It also has a series of petroleum refineries throughout the Puget Sound region, an aluminum smelter in Whatcom County, pulp and paper makers, timber harvesting companies, construction firms, and agricultural producers throughout the state that would fall under a cap-and-trade program potentially.
Only two — timber and manufacturing — saw any sort of inclusion in the governor’s spending program. The governor’s proposal would send $20 million to rural areas reliant on the timber industry through a forestry and rural community economic investment program, and another $20 million would go to tax credits to help manufacturers remain competitive.
That’s not much considering the $1 billion they’ll have to put in, and Inslee’s spending plans runs counter to OFM economic modeling that suggested returning 65 percent of the revenue to affected industries and utilities, and only 5 percent for operating revenue. His task force on carbon policy recommended sending money back to affected industries to avoid a competitive disadvantage in the U.S. and international marketplace.
It would also require getting Democratic lawmakers representing rural areas — such as those timber communities on the Olympic Peninsula — on board with the notion of adding costs to businesses that would in turn fund transportation projects in urban areas, and become dollars that could get snapped up by larger school districts.
Inslee has also included funding for something business and the ports badly desire — money for highway projects, such as the expansion of Highway 167 that would allow the Port of Tacoma to increase its operations.
With the House taking first crack at the budget in the upcoming session, and the climate policy so deeply intertwined with it, Appropriations Chair Ross Hunter, D-Medina, said he liked the idea of charging carbon emissions but would need the full details of the governor’s plans before signing on.
“I think this is an interesting opportunity,” said Hunter, who was among several Democratic lawmakers who stood astride the governor during his address. “It seems like an opportunity we should not just put aside. I’d rather tax polluters than raise taxes on the public. I like the direction he’s going in.”
But Sen. Doug Ericksen, R-Ferndale and chair of the Senate Energy Committee, called the prospect of a cap-and-trade program a “tax on freedom” to the Seattle Times.
Ericksen represents a district covering the mostly rural Whatcom County that includes two of the state’s five oil refineries, and told the Times he views it as a means of increasing fuel and energy costs. He said it’s “an energy tax, which is really a tax on mobility.”
BUSINESS BEGINS ROLLING OUT ITS RESPONSE
Business trade groups such as the Association of Washington Business, the Western States Petroleum Association, the Washington Trucking Association, the Forest Protection Association and the Farm Bureau launched a new initiative timed to the governor’s announcement, called the Washington Climate Collaborative.
The group has put out an alternative plan, calling for using enhanced hydropower, smaller-scale nuclear production, biomass and natural gas as a means of providing reliable, cost-effective baseload power for industrial production and manufacturing within Washington state, without the costs associated with a cap-and-trade program.
It also pushes for Washington to become more energy efficient, advocating that it’s cheaper for the state to save a megawatt of electricity — and the associated greenhouse gas emissions — than produce a new one. It also calls for the transportation investments that would ease traffic congestion, and adding incentives for alternative fuel production, electric vehicle charging stations and natural gas fueling.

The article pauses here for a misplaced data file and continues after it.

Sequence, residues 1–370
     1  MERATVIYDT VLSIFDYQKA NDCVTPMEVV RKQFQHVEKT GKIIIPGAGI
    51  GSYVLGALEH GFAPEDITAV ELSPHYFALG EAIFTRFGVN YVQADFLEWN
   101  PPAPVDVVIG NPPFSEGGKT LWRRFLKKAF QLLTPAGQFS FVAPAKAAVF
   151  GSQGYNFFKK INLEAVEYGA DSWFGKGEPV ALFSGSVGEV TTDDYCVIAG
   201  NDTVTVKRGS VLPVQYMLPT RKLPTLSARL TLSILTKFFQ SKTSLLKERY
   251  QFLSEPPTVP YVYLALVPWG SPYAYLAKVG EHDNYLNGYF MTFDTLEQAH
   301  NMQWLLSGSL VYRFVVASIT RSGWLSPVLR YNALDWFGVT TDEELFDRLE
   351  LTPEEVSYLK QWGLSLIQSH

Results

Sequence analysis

“Governor Inslee’s plan is to make Washington families pay more to keep the lights on at home, buy gas for their car, or put food on the table,” said Daren Konopaski of the International Union of Operating Engineers, Local 302, in a statement. “It’ll also make it more expensive for contractors to purchase equipment, and there is little guarantee of environmental benefit.”
Inslee, in his address, said some costs may be passed on to consumers, while others will be absorbed by the companies. He flatly rejected the notion that his program would cost the state more jobs than it ultimately produces.
“Some of it can be passed on to consumers,” Inslee said. “I am not going to embrace some plan that reduces carbon emissions but also reduces jobs.”
LABOR, ENVIROMENTAL GROUPS BACK GOVERNOR’S PLAN
Jeff Johnson of the Washington State Labor Council, AFL-CIO, introduced Inslee at the news conference, and said the cap-and-trade proposal was an innovative solution to a generational challenge Washington faces — climate change. He quipped that all problems started out as solutions, referring to the use of fossil fuels for energy production, which drew a laugh from the governor.
“Governor Inslee’s proposal deals with a problem that was for 150 years viewed as a solution,” Johnson said. “His proposal challenges the status quo.”
Cliff Traisman, a lobbyist in Olympia representing the Washington Conservation Voters and the Washington Environmental Council, said he recognizes the tough path a cap-and-trade program faces before it ever gets 50 votes in the House and 25 votes in the Senate.
“It’s certainly not going to be easy, but we are going to tackle this with all the seriousness that it deserves,” Traisman said. “And we are asking the Legislature to do the same. We go in with open eyes, and I assume the governor will as well. We believe charging for carbon pollution can solve multiple problems. The policy and the revenue go hand-in-hand.”
12/22: This story was updated from its original version to clarify that Gov. Inslee has not yet started the formal rule-making process on a clean-fuels standard.